A proposal by Kramer Motors Inc. to build a five-story auto dealership on Santa Monica Boulevard that could set a precedent for other dealerships on the street ran into a roadblock at the Santa Monica Planning Commission last week.
The commission voted unanimously to ask Robert Kramer, one of the largest auto dealers in Santa Monica, to redesign his proposed building at 18th Street and Santa Monica Boulevard.
The commission also asked the planning staff to prepare a detailed report on the potential impact of the project on the neighborhood after hearing testimony from residents at a meeting that ended at 3 a.m. Tuesday.
Kramer, whose Honda dealership is now on 17th Street, has proposed a 60,804-square-foot facility that would include two showrooms, eight sales offices, 20 auto service bays and three levels of parking and storage for new cars.
But the commission asked Kramer to make the building appear less bulky and include more landscaping. It also asked him to set the building back 17 feet from a neighboring apartment building rather than constructing a service aisle next to the residence.
Kramer, who has sold cars in Santa Monica since 1951, said that he is disappointed and is reviewing his options. "I think trying to redesign the project is a useless effort," he said, adding that the changes could make the project "obsolete before we use it. I see no purpose in that."
Mayor Christine E. Reed said he probably cannot appeal the decision to the City Council. "It hasn't been denied or approved so there really is nothing you can appeal," Reed said.
The project, proposed for a street that some have dubbed "auto row," is the first test of a land-use plan clause that provides incentives for dealerships to expand. Although other buildings are limited to three stories, the dealers are permitted to build to 54 feet or about four stories. The city's 30 auto dealers provide about 25% of the city's sales tax revenue, which totaled about $3.2 million last year, according to Finance Director Michael Dennis.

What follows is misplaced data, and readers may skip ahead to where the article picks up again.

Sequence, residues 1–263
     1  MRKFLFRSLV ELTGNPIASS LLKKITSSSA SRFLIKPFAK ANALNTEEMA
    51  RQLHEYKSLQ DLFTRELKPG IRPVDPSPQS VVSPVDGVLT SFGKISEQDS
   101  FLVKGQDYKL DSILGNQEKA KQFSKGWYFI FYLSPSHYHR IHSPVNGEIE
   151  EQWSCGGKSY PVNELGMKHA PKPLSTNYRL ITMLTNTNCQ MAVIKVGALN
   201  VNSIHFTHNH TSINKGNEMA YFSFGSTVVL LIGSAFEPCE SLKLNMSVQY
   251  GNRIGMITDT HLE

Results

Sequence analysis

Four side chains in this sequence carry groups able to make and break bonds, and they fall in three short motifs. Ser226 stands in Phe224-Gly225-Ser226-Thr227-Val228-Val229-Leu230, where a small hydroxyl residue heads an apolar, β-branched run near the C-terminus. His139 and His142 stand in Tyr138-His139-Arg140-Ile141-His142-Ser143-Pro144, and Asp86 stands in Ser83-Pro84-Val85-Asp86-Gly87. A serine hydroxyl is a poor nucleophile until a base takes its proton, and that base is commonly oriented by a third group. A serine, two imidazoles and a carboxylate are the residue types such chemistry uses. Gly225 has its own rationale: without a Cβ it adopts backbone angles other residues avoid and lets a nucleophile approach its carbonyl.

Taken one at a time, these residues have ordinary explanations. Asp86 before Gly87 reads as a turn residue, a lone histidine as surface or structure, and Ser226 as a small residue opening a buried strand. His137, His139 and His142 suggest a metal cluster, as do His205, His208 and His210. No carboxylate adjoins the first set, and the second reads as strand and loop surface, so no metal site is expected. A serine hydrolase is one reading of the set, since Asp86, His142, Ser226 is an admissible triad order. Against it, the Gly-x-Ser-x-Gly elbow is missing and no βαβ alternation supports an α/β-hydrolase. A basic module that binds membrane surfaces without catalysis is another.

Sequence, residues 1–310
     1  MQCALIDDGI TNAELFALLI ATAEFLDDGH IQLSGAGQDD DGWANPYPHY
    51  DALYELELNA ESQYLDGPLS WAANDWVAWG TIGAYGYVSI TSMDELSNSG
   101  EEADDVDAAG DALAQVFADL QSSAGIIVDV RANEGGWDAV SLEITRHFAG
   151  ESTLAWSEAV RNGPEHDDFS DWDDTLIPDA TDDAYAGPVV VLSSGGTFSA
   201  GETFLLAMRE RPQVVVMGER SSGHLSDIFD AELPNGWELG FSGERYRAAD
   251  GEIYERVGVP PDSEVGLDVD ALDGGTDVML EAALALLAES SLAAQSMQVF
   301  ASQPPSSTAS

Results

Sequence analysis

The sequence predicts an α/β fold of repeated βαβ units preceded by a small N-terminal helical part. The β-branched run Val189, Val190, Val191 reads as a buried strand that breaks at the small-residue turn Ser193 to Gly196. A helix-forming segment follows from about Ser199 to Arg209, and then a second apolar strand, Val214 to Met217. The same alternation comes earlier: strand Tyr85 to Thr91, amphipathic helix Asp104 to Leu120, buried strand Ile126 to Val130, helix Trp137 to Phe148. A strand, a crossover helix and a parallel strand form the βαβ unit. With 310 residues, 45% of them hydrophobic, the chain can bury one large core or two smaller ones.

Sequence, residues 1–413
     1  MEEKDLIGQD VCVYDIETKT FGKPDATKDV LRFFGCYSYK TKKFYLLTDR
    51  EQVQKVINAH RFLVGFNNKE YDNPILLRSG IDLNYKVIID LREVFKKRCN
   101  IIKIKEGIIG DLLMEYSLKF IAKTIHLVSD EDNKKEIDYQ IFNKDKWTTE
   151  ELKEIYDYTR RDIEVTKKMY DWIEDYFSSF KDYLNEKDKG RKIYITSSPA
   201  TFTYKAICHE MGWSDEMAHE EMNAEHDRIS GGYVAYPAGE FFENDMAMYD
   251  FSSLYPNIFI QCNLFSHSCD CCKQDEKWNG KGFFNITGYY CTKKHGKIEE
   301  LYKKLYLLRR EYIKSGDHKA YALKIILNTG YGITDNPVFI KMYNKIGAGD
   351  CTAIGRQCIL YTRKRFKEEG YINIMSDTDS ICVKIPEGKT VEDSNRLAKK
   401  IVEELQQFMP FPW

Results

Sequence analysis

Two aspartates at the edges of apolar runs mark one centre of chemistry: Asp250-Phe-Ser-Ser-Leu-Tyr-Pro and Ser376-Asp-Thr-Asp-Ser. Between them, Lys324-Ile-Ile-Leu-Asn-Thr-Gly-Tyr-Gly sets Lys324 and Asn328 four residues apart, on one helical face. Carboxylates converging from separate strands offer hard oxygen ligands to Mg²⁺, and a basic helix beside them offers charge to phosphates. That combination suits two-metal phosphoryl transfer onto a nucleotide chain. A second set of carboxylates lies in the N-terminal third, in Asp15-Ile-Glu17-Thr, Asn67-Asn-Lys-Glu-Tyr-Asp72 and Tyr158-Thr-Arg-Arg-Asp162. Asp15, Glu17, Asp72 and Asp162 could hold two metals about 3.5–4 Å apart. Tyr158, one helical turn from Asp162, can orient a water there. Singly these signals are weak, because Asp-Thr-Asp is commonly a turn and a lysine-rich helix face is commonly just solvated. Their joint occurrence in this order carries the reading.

Although the land-use clause drew some opposition from residents when it was passed last October, the Kramer project has mobilized neighbors near the site.
The commission vote came after representatives of Santa Monicans for Reasonable Growth (SMRG), a group of 40 to 50 people, asked the city to compile a report on the impact on the neighborhood of noise, air pollution, increased traffic, chemicals and test driving from the project.
Resident Don Nelson said the commission should evaluate the effect of carbon monoxide emissions from cars waiting in line for service at the dealership. Jack Rubens, who lives next to the proposed project, said the unloading of autos on residential streets by other dealers is illegal and should be stopped.
But Sherman Stacey, a lawyer representing Kramer, said that residents could not point to significant environmental problems at other dealerships. He said the project "just barely" consolidates all of the dealership activities, such as sales, service and storage, on one site, as required by the land use plan.
Planning Commissioner Derek Shearer said the commission needs more information to make the policy on the dealerships clear. He said that the project could serve as "a model dealership."
Most parties agree that the outcome of the Kramer project could have a major impact. "I have no doubt that this development is going to set the precedent for everything up and down the street," Nelson said.
Kramer agreed. "I just feel that the Planning Commission really is making it something between difficult and impossible for dealerships to grow in Santa Monica. . . . If this one is turned down, it would discourage others from trying it."
The project may also have an impact on the role of community organizations in negotiating with developers. Although SMRG opposed the project, Mid-City Neighbors, the neighborhood group that has represented the larger area in the past on such issues, remained neutral.
The City Council's decision last month to cut funding to neighborhood organizations has forced the groups to seek money from other sources, including the auto dealers. In January, Mid-City Neighbors, Pico Neighborhood Assn. and Ocean Park Community Organization approached the Automobile Dealers Assn., whose president is Kramer, to donate a car as a door prize for a fund-raising event.
Although the association refused to donate a car, Kramer agreed in May to sell a car to the three neighborhood groups at wholesale prices and to buy $2,000 worth of tickets to the fund-raising event that he said he plans to donate to charity.
Some members of SMRG, which represents residents living next to the Kramer project, charged that the negotiations kept Mid-City from getting involved.